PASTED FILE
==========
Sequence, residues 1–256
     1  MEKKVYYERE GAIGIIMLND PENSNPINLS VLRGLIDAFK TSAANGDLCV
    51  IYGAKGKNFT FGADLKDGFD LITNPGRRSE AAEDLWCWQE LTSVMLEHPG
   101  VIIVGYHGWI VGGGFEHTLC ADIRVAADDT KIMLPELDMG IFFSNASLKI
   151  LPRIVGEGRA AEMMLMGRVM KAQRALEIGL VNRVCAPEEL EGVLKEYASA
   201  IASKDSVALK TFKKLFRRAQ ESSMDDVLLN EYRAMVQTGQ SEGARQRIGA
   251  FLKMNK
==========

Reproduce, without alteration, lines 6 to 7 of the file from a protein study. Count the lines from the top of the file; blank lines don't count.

   201  IASKDSVALK TFKKLFRRAQ ESSMDDVLLN EYRAMVQTGQ SEGARQRIGA
   251  FLKMNK